Villagers confronted a landowner who plans to truck thousands of lorry loads of construction waste through their community.
A public meeting in Brixton, Devon, failed to reassure local people over proposals to fill in an old brickyard quarry.
The meeting in St Mary’s church, which was attended by residents, planning consultants and Michael Bastard from the nearby Kitley Estate, led to some heated debate.
Mr Bastard wants to use pre-screened inert demolition and construction waste to fill in part of the Steer Point Quarry, near Brixton.
Part of the quarry will be returned to agricultural land and the reminder will be improved wetlands, according to a planning application submitted to Devon County Council.
Residents in Brixton say their lives will be affected as some 40 lorries a day go through the narrow South Hams roads. They fear that they will face “ten years of hell”, and that children, old people and walkers will be put in danger on the narrow lane leading to the southern tip of Steer Point peninsula, and on the busy A379 through the village.
During the meeting local resident Paul Bassett accused the planning consultants, Aardvark, of not doing their homework.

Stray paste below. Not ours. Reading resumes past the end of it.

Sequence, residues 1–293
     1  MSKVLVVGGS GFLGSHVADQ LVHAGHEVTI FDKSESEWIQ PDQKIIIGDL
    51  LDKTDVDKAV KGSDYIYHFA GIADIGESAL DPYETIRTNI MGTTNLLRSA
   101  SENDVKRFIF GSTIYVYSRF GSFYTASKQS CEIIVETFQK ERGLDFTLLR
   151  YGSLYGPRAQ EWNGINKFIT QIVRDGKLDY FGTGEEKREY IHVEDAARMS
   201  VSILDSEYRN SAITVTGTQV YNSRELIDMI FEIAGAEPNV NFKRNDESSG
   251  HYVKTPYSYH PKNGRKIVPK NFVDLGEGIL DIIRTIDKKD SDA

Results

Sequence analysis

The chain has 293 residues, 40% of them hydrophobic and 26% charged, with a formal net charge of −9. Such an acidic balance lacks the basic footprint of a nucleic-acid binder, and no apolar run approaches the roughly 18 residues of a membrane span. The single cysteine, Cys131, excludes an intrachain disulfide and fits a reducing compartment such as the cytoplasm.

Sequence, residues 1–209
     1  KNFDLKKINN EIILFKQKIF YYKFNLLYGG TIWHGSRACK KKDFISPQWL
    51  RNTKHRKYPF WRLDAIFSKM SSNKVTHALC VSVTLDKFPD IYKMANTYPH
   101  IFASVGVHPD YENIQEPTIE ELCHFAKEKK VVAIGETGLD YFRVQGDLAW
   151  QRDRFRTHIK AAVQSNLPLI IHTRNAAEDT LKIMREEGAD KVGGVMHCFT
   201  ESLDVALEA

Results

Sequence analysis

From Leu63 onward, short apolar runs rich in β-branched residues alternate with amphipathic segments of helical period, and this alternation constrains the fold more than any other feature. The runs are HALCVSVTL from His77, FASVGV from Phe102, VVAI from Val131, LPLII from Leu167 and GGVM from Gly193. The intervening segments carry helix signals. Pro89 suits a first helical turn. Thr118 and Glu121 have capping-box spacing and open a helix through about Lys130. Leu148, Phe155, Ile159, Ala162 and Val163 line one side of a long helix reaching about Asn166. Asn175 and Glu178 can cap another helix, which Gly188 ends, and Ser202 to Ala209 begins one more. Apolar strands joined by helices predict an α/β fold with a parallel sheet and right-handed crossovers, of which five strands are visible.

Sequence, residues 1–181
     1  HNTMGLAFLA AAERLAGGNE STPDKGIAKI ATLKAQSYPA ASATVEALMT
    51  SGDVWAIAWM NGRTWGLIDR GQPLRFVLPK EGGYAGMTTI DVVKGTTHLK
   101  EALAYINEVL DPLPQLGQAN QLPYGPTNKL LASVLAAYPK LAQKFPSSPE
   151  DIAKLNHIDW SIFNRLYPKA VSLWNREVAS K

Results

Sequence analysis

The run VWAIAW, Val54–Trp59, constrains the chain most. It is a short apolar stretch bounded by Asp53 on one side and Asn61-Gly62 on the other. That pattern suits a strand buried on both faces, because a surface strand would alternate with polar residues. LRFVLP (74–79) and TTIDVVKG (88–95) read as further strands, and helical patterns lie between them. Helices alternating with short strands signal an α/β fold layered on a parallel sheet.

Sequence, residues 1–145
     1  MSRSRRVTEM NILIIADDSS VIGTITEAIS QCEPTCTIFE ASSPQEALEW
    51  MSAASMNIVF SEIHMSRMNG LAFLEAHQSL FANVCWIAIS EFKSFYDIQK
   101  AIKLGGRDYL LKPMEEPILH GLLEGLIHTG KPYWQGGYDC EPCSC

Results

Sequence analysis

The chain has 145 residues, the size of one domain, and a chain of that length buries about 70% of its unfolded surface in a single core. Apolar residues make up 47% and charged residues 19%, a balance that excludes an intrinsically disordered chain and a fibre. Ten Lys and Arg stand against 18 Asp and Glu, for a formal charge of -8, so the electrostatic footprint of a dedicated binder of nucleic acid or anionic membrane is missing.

“Don’t come to Brixton because we won’t allow it,” he said.
Mr Bastard said that restoration of the site was a legal requirement, but he was accused of “doing it for money”.
He said that early in the application process he had proposed creating a temporary road to the quarry from the Kitley Estate. But a Devon County Council highways officer had rejected the idea because it would have gone across an area of outstanding natural beauty when there was already an adequate road in place.
Mr Bastard said the lorries delivering construction waste would be strictly controlled and not allowed on to the site if there were complaints about their driving.
But Steve Martin, landlord of the Foxhound pub and a former HGV driver, said: “They will be paid to tip so they will be flying.”
Villagers said they had only learned of the planning application too late to have their voices heard.
They said that Devon County Council had advertised the planning notice in the North Devon Journal.
Villagers were concerned about the impact on their primary school and on property prices.
Jodie Hoare from Aardvark said the planners had agreed to consider objections from the village even though the official consultation period had ended.
And she agreed to revisit the transport plan for the project and consult the village again.
Mr Bastard angered many in the crowd when he insisted that the impact on village residents would not be significant.
And tempers were fuelled when he ended the meeting by saying: “It would be great if at the next meeting a couple of you learned some manners.”